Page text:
Sue Robb of 4Children talks to Julie Laughton and Alison Britton from the Department for Education about the role of childminders in delivering the 30 hours free entitlement.
A survey from the Centre for Ageing Better has shown that local authorities are facing a shortage of accessible housing, a problem made worse by some home builders' actions.
Currently, local authorities set out plans of how many accessible homes are needed, once they can demonstrate demand in the area. But via viability assessments, developers can argue that accessible housing is prohibitively expensive, and negotiate that homes are built to the lowest allowable standards.
Of the local authorities that responded to the survey, 97 per cent aid their need for accessible homes will increase in the next 10 years, with a quarter already describing their need as severe.
The Centre for Ageing Better says that the biggest barrier to securing accessibility of new homes is arguments over viability (79 per cent), followed by challenges from developers to policies with higher accessibility standards (48 per cent). The survey found that only 21 per cent said that they’d be able to deliver the number of accessible homes needed without changes to national policy.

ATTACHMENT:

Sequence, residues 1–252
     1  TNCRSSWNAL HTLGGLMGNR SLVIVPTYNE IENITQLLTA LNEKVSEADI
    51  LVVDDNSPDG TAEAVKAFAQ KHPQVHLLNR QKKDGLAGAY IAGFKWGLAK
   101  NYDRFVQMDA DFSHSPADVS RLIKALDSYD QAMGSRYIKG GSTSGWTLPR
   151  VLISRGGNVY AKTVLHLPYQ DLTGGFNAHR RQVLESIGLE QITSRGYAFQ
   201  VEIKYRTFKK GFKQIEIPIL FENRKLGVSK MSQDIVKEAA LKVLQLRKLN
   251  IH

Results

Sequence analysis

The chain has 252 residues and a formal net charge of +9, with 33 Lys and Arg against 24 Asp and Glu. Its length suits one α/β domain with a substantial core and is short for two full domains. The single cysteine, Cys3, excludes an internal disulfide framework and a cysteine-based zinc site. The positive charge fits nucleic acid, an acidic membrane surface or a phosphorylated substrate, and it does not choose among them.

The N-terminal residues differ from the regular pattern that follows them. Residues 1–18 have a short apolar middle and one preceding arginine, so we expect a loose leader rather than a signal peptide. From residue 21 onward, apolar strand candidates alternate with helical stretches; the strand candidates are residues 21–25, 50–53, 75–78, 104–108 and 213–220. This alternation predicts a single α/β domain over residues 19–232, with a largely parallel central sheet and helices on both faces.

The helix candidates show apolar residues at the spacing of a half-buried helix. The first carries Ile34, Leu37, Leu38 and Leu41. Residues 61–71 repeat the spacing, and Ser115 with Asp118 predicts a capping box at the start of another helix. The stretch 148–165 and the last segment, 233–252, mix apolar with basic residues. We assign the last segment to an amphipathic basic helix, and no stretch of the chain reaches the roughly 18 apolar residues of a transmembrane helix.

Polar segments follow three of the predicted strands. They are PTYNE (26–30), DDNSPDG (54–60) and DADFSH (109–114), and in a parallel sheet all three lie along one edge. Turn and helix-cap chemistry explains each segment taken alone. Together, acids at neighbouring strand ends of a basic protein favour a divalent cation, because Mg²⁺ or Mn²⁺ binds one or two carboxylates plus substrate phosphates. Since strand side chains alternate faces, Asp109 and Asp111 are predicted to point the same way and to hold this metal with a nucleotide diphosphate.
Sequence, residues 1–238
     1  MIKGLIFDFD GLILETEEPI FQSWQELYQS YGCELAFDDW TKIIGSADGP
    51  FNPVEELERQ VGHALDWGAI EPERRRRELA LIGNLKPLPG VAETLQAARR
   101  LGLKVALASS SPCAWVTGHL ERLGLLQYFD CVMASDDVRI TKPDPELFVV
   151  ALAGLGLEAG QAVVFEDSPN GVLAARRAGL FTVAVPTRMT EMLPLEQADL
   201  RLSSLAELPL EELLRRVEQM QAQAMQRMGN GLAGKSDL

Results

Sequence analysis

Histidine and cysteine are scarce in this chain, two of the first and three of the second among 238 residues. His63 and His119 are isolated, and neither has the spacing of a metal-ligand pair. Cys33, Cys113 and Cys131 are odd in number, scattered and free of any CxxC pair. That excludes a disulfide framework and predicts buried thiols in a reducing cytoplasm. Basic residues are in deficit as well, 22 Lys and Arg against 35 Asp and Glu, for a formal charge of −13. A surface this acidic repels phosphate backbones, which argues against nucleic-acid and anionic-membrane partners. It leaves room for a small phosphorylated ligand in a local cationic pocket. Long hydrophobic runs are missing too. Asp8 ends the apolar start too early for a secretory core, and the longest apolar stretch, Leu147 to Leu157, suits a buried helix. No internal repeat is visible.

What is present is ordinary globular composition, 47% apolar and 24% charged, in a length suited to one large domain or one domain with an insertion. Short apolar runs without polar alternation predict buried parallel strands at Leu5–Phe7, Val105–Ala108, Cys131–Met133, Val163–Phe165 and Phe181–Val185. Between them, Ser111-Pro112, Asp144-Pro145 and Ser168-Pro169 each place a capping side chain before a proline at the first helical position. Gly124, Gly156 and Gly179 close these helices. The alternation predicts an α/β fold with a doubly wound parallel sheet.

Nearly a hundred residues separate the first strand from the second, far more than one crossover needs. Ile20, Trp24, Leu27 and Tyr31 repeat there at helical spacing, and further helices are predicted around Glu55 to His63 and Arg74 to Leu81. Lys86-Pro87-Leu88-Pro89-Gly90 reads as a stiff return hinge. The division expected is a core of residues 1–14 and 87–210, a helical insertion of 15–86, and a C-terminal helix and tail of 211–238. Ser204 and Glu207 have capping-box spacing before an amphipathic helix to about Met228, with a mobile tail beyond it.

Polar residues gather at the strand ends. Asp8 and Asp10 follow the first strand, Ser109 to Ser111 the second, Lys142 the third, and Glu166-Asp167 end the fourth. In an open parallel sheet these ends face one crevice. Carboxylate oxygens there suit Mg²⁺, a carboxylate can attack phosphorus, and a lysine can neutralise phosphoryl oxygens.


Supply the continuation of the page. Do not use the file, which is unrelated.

According to the latest English Housing Survey, 91 per cent of homes do not provide even the lowest level of accessibility, leaving fewer than one in ten homes suitable for older or disabled people to visit, never mind live in.
The Centre for Ageing Better, as part of the Housing Made for Everyone (HoME) coalition, is calling for national building standards to be raised to be ‘accessible and adaptable’ as a minimum baseline, as set out in the government’s consultation. If ‘accessible and adaptable’ homes become the new minimum standard then this will create a level playing field as all home builders will be factoring in the same costs and buying land with the same assumptions. Other options on the table, which include taking no action, are unacceptable and will store up significant social and economic problems for local authorities.
Henry Smith, Senior Programme Manager for Homes, Centre for Ageing Better, said: “The need for accessible and adaptable homes is urgent and growing larger all the time. The problem is that our homes are currently designed with only the first users in mind, not the dozens of households and individuals who will use it across its lifespan.
“The government must act now to make sure that the homes we build now are fit for the future. Accessible housing will improve the health and wellbeing of millions of people, allowing us to remain independent and in our own homes for longer. This consultation offers a real opportunity to improve the lives of older and disabled people now and for generations to come.”
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